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diddy
Markdown, the Herald Angels Sing


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quote:
Originally posted by pilchik:
quote:
Originally posted by Horse Chestnut:
It's hard to stop a train. Usually from the time the brakes are applied to the time it comes to a full stop, the train has continued to travel up to one mile.

Thank you for that link. I teach a course on school bus/railroad crossing safety and Operation Lifesaver is one of the videos I like to show (before I get to more specific and graphic videos). I was about to add some information on trains but you got there ahead of me. While it can take a train a mile or more to stop, clear visibility for the conductor is about a half mile. Not good odds for being able to stop a train in time. While the entire train does not ride level with the tracks, a train does overhang the tracks by about three feet on either side. Anything on, or near the tracks, unless it could get out the way in time, would stand very little chance of surviving an encounter with a train.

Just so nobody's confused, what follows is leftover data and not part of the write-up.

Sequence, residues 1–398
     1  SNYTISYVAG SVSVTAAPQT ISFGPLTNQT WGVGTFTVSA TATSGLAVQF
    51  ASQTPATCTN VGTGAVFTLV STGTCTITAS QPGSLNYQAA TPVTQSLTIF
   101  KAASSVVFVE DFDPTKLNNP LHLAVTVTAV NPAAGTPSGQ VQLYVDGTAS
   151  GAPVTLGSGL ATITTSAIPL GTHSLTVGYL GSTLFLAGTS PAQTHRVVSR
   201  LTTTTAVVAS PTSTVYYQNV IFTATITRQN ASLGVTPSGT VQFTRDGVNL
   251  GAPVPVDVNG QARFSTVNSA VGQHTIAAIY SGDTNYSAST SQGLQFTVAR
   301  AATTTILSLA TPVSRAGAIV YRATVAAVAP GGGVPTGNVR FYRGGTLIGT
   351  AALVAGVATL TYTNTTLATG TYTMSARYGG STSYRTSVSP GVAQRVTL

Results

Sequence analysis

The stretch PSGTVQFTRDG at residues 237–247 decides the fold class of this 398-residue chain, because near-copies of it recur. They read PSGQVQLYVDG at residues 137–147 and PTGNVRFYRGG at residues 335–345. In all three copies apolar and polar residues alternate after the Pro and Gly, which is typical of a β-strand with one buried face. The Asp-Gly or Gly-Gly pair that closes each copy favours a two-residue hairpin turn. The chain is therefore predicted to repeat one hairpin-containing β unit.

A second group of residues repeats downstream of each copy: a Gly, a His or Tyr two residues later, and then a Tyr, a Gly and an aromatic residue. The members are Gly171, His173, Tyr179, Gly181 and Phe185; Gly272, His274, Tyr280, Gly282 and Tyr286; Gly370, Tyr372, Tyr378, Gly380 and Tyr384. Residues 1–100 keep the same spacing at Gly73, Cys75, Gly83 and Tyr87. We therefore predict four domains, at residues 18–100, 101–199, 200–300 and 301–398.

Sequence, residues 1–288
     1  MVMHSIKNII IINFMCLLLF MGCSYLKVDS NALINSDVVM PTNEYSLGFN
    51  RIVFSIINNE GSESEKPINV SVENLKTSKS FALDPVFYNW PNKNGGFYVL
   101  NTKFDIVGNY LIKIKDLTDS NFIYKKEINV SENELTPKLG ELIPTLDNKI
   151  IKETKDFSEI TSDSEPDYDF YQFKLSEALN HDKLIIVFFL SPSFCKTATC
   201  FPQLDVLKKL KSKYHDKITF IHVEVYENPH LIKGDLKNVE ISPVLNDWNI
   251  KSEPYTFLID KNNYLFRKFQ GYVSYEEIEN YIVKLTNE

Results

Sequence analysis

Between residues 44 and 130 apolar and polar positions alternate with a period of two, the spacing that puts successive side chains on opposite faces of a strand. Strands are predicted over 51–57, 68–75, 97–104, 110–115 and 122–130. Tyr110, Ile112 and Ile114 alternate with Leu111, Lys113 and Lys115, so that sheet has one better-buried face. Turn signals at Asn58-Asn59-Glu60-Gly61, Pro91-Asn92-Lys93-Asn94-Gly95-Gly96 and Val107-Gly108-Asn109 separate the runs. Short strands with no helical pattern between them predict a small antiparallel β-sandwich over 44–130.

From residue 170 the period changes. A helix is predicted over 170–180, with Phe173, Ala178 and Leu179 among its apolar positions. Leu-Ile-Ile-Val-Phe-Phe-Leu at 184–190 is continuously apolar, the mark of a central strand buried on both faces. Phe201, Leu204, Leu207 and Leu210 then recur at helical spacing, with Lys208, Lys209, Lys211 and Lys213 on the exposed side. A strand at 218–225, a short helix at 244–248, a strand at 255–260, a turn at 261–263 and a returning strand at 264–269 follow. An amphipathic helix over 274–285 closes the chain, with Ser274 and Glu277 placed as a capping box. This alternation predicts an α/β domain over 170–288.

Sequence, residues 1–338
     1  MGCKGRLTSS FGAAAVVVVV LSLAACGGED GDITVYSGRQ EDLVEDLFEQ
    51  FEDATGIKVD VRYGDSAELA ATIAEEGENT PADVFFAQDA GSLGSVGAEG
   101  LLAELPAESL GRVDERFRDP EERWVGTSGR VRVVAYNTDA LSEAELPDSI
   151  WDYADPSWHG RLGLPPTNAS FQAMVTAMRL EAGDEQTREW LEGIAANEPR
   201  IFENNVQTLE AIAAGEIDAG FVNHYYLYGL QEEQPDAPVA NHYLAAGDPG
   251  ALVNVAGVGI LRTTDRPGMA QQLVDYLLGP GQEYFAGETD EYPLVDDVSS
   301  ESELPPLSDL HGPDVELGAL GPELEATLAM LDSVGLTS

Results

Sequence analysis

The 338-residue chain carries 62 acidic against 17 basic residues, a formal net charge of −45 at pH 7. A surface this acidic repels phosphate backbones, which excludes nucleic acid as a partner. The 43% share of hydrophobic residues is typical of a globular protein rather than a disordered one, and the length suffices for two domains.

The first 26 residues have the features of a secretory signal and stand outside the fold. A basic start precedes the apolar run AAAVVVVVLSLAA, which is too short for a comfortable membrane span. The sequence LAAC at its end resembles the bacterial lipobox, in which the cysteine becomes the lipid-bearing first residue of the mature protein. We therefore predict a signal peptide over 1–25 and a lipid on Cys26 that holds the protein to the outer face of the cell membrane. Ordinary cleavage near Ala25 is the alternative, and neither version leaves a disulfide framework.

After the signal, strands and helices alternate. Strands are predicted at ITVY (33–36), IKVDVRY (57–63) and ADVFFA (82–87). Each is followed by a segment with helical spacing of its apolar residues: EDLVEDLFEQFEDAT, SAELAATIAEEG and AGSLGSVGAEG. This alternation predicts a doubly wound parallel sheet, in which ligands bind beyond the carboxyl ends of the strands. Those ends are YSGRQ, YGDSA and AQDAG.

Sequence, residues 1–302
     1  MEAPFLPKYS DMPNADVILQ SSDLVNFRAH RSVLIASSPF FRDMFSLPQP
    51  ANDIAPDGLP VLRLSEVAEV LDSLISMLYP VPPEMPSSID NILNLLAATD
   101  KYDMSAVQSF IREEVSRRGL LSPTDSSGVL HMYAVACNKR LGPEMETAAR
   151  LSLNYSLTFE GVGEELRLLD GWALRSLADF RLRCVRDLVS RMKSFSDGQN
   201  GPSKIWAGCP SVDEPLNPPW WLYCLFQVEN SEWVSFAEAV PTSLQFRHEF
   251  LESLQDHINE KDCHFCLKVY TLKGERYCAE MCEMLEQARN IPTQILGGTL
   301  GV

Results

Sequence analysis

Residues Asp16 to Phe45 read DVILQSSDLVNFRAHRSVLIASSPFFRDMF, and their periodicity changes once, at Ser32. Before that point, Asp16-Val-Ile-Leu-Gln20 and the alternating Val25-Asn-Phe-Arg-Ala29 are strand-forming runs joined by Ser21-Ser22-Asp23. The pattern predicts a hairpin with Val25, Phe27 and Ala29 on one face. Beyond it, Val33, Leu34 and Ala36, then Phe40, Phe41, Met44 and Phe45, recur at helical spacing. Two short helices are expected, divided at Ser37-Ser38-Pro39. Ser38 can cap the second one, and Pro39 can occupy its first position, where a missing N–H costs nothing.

Oh well, there goes my first argument.

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W.W.F.S.M.D?
But this image of Bush as some sort of Snidely Whiplash tying the fair maiden to the railroad tracks is beyond the pale. - Joe Bentley

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Marzi
I Saw Three Shipments


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Pilchik, that is so great you work for the Operation Lifesaver program! It's a great thing. My Husband works for the CN in Niagara Falls, I fear the day he comes home to tell me he hit someone. It's good to know that there is something out there to help prevent it. Keep up the great work!